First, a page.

Ensure that water doesn’t touch the flower head. Instead, aim for the plant’s base. 

Do not allow the top layer of the soil to dry out completely. If the soil dries, the flower itself will start to wilt. 

How to Help a Sunflower Bloom

There are a bunch of reasons why a sunflower may not bloom. These include a lack of sunlight, excess nitrogen in the soil, pests, deer nibbling, or a shortage of time.

Moving your potted plant somewhere with more light accessibility will help it grow properly and manage a few blooms before the season is done. 

An indication of too much nitrogen is a sunflower with an abundance of extra-large leaves. The best thing to do in this situation is to start with a new plant.

Try the fast-growing variety if you still want a sunflower plant that will bloom this year. An example is ‘Sunspot,’ which blooms in around 65 days.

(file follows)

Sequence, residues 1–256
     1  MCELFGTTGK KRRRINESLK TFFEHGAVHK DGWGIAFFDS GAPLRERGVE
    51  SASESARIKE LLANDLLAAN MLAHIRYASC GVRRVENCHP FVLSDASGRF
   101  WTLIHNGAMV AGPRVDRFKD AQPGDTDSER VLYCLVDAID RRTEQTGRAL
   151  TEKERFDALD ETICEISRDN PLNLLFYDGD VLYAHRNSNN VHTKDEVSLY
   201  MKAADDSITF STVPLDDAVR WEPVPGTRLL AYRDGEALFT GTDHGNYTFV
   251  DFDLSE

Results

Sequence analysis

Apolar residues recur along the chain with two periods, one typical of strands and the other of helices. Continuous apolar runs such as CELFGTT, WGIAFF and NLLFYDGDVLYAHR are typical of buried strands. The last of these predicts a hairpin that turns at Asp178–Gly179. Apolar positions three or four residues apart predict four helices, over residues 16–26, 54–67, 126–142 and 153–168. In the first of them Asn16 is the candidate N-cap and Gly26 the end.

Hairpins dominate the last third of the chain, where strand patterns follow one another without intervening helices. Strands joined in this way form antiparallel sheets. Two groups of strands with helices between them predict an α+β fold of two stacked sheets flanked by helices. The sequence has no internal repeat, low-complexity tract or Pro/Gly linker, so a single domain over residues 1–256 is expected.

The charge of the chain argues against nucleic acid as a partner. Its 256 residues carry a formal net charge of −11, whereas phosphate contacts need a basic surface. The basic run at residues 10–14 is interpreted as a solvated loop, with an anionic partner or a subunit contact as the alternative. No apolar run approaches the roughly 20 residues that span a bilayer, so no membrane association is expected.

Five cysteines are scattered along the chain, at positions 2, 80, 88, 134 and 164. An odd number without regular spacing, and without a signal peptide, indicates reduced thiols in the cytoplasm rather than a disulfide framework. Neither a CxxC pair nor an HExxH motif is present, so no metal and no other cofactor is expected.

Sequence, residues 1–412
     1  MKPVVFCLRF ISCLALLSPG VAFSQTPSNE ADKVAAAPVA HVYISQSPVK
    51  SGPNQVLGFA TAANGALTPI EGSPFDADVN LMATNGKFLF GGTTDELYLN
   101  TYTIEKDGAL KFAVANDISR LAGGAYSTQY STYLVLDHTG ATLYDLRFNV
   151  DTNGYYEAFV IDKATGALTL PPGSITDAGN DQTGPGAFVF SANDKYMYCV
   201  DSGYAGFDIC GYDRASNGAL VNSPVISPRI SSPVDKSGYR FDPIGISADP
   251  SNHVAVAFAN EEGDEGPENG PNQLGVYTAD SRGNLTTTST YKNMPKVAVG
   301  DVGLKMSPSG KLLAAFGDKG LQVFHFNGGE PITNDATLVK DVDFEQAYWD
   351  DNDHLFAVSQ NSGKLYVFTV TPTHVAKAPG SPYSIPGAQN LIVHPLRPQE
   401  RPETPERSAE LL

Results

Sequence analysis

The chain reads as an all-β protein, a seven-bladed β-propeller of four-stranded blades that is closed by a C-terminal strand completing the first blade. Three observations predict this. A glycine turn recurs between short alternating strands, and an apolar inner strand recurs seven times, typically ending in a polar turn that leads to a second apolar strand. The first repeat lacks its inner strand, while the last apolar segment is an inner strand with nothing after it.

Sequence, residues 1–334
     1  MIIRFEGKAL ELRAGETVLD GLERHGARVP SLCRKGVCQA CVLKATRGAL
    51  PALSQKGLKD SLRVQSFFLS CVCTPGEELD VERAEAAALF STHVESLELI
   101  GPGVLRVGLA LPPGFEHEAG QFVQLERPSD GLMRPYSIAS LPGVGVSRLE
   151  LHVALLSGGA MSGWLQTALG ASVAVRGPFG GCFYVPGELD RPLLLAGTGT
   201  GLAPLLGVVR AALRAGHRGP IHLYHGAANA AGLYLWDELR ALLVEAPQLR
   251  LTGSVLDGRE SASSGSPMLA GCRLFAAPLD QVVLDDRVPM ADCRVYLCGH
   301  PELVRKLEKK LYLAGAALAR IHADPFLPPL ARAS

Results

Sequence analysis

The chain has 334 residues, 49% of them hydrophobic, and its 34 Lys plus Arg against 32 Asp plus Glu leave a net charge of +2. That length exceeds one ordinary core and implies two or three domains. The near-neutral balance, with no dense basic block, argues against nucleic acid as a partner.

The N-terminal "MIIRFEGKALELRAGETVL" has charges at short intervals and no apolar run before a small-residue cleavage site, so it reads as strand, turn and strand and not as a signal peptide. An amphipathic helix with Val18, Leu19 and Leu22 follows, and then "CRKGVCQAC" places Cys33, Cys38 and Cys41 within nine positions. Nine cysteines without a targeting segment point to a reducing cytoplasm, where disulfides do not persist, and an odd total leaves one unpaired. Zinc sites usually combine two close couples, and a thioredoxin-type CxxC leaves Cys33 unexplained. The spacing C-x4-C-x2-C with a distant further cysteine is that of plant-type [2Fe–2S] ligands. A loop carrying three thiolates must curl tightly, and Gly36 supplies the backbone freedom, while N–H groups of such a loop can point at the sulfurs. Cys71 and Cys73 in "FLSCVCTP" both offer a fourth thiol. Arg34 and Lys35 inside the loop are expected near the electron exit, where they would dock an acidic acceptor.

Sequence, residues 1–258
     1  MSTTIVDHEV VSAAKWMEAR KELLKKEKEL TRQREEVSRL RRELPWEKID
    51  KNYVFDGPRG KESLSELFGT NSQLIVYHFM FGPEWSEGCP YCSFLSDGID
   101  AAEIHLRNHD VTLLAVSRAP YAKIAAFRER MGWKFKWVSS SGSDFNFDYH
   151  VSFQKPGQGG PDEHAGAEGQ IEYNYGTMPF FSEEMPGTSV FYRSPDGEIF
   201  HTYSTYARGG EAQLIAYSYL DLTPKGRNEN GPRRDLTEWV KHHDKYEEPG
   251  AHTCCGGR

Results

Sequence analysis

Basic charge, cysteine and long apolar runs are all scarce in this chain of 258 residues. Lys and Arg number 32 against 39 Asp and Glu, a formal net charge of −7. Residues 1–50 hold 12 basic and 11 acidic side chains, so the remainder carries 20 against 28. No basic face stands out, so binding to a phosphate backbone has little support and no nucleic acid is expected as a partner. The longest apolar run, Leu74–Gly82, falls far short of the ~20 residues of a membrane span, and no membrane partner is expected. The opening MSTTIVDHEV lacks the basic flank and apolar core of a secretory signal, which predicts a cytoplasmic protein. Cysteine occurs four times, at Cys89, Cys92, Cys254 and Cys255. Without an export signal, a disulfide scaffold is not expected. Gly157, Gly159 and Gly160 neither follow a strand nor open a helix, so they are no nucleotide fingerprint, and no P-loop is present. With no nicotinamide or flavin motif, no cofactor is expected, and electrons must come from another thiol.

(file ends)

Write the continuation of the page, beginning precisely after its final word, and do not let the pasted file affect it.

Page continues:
Sow your seeds only in soil that hasn’t been fertilized in a year or two. If you want to continue working with the foliage-rich plant you already have, you can try root pruning the plant.

It is supposed to startle the plant into forming flower heads and blooming. This may be a futile attempt, but it is worth a trial.

With a tall wire fence, you can keep deer that like to nibble on flower head buds out of your garden.

Invest in some multi-branching varieties instead of the types with one stalk that produces only one flower head per stem.

This way, you can counter the issue of your plant not producing extra blooms if a deer nibbles. 

The best way to handle these pests is to let nature take its course. If the moths get out of control, I recommend deadheading the infected heads. 

Lastly, give your plant enough time to mature. You may be too impatient and think your plant isn’t doing well when it’s not mature enough to bloom.

Sit back, watch, and wait for the flower buds to appear. In the meantime, take good care of your plant.

Growing sunflowers is a rewarding experience for gardeners of all levels. You can grow this plant indoors or outdoors.

Make sure to choose a variety of sunflowers wisely for the best results and adjust your care routine according to your location and your variety’s needs.